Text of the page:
The following is a guest post from Gerald Haigh, who ponders the way in which schools can more proactively embrace the current capabilities offered by technology. Too often technology is merely used to automate existing processes and working regimes, when in actual fact there are opportunities to positively change the way in which teaching and learning happens for all concerned.
Geography in the Physics lab? Just do your best.
Sometimes a single Tweet – 140 characters, three or four seconds – is packed with enough food for thought to keep you going for days. So it was when I read this, from José Picardo, Pearson Teaching Award winner and Assistant Head for Digital Strategy at Surbiton High School (@josepicardoSHS)
Was told yesterday by visitor we're bringing in the future into our school. No, we're not. We're bringing in the present.
— José Picardo (@josepicardoSHS) November 12, 2015
The tweet caught my attention, I guess, because it resonated with a theme I’ve pursued here on more than one occasion, which is that although educational technology is pretty well established as a classroom tool, the next step (surely becoming overdue) is to see it as a means of pushing on into truly 21st Century pedagogy and learning.
On the whole (and I go back to the start, if you take the early Eighties ‘Micros in School’ project as the baseline) we have consistently missed breakthrough opportunities offered by technology, seeing it, consistently, within the given limits of the here and now. We can be forgiven, because we were trying to learn the basics of the kit as well as struggling to see what it could do for us. Teaching has never been easy, and if a computer could help by motivating children, or making life a bit easier, then we would settle for that. Visions of something better would have to wait a bit.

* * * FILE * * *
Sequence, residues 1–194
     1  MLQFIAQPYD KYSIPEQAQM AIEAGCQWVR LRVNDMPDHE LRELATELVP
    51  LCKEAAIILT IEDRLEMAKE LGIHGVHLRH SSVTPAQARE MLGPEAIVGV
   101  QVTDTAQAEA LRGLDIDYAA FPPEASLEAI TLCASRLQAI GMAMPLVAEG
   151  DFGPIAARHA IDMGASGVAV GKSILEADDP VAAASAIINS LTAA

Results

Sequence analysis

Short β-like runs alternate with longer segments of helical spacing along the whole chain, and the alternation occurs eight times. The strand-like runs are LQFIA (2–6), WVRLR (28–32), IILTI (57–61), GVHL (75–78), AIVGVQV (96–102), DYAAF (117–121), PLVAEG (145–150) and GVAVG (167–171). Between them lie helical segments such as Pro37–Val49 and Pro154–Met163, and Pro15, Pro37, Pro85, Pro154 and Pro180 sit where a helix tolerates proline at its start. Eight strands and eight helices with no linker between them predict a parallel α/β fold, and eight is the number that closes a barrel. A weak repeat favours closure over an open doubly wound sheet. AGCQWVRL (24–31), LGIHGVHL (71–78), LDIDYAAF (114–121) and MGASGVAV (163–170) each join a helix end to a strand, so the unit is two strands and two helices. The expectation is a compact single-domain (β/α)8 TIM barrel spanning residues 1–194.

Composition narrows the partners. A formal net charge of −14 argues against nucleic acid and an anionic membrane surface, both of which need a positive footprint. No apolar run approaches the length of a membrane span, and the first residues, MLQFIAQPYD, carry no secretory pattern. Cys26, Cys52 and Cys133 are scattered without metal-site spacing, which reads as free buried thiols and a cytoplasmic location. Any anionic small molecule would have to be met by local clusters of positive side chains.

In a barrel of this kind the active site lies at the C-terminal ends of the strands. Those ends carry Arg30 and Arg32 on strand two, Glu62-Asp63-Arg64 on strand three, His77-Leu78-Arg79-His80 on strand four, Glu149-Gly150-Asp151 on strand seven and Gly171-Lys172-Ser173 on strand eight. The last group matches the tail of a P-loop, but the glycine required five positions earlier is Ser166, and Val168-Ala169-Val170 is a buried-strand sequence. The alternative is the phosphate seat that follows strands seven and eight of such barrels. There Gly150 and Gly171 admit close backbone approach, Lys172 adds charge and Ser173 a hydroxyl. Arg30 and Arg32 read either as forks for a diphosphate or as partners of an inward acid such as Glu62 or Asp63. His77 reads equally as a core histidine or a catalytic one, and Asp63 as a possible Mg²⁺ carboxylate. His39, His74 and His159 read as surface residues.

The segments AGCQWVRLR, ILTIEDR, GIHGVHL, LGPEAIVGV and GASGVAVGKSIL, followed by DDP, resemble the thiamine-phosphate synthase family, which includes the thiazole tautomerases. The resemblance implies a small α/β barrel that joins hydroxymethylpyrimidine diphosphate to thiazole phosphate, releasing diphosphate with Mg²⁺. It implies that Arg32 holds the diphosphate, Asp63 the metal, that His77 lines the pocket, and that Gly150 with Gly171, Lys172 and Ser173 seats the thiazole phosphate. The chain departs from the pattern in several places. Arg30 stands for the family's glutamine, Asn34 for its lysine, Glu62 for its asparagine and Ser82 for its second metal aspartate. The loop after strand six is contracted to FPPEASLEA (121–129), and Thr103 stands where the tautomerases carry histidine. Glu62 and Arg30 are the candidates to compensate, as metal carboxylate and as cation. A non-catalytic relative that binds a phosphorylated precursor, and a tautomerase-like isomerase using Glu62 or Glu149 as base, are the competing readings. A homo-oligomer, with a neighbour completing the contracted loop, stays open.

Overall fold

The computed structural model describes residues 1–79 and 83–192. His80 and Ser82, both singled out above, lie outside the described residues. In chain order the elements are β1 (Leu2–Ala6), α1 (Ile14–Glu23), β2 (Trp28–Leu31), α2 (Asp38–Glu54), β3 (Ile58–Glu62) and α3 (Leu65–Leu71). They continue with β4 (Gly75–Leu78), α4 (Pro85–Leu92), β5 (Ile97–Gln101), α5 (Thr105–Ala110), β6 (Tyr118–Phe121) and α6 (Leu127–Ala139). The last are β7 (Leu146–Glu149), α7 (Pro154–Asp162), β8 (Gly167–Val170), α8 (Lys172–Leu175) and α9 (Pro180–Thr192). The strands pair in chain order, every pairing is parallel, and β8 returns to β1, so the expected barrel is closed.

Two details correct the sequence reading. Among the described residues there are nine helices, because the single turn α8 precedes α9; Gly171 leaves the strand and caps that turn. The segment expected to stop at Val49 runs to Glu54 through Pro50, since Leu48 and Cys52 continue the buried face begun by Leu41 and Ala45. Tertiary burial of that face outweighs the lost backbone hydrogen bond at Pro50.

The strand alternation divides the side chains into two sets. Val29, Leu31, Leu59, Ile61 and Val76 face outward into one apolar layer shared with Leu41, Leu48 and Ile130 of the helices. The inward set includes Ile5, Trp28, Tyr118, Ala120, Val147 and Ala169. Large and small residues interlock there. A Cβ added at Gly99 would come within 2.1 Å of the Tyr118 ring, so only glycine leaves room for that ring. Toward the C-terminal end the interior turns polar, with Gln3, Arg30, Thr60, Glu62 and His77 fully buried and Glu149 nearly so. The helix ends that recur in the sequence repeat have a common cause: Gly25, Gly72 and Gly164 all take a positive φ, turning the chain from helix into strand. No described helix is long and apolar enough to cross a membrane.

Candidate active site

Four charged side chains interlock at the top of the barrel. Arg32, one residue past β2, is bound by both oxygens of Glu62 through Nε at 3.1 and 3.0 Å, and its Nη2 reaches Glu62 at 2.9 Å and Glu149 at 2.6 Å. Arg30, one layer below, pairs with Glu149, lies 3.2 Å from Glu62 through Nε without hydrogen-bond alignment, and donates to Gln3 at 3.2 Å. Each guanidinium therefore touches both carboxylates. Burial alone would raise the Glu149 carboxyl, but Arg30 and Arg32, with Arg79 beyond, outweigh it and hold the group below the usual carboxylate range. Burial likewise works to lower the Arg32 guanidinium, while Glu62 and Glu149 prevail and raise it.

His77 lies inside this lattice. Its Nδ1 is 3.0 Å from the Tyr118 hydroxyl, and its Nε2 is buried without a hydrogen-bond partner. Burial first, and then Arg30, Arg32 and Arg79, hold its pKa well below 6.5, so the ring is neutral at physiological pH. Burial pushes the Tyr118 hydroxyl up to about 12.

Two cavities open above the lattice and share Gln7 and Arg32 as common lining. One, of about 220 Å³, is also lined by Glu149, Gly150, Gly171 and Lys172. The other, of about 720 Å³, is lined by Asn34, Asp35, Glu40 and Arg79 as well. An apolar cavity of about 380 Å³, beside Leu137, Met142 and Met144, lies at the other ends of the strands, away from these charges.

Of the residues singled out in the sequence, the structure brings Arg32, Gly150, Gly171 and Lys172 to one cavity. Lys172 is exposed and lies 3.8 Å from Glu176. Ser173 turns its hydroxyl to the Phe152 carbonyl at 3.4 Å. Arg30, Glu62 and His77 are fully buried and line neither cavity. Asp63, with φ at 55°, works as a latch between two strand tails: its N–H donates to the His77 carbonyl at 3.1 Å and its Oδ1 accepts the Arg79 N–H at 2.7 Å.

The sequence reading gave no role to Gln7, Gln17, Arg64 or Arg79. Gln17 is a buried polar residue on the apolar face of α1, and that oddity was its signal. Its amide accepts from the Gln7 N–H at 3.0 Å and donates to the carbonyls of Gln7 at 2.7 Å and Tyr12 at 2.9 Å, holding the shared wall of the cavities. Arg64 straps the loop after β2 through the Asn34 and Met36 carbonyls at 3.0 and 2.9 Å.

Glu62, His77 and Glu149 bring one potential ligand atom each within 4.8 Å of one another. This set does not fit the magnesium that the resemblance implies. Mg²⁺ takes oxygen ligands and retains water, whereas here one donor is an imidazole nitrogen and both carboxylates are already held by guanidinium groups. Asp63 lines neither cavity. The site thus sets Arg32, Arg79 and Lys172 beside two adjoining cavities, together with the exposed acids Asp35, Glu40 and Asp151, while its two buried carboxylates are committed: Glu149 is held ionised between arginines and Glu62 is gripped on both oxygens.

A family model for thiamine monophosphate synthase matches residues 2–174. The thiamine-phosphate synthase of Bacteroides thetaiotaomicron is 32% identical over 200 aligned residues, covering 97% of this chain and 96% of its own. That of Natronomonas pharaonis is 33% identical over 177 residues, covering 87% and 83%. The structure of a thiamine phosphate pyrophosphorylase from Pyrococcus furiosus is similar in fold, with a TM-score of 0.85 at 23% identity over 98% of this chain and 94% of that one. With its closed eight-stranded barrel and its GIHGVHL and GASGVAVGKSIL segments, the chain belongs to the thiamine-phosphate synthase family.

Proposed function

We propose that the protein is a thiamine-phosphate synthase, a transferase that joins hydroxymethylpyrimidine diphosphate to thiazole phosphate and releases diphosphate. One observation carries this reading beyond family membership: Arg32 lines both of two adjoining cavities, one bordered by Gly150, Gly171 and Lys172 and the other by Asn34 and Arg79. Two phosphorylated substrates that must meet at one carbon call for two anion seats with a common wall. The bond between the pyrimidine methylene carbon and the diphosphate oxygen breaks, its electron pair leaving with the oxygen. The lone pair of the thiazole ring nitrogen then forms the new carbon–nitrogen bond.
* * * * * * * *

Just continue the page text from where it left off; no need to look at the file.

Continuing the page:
Here’s an example of what I mean.
Who remembers what it was like to construct a secondary school timetable in pre-technology days?
In the big school where I taught for six years in the Seventies, building each year’s timetable was a long and arduous task, involving a huge wall chart and many coloured pegs. The work took two senior leaders out of circulation for a significant amount of time during the Summer term. They were good at it, but the manual process had its limits, and September always revealed occasional errors – two groups heading for the same room, a teacher anxiously searching the building for an elusive class. There were known difficulties, too, that we just had to swallow – consecutive lessons in widely separated teaching blocks, specialist subjects scheduled in unsuitable rooms. (‘Just do your best, eh?’).
But still we always got our timetable – a mind-bending masterpiece covering a whole wall. From it were extracted personal timetables for teachers, departments and students.
Did I say ‘masterpiece’? In a sense it certainly was. But it was also a straitjacket, confining students and teachers to an endlessly repeating sequence of fixed-length single and double periods. As teachers, most of us took it all for granted. It was the world in which we lived. Only a few had a half-formed wish-list of things they would like to do if only the timetable wasn’t in the way. Here are a few:
Continue a good and productive lesson to a natural conclusion rather than having to stop at the bell.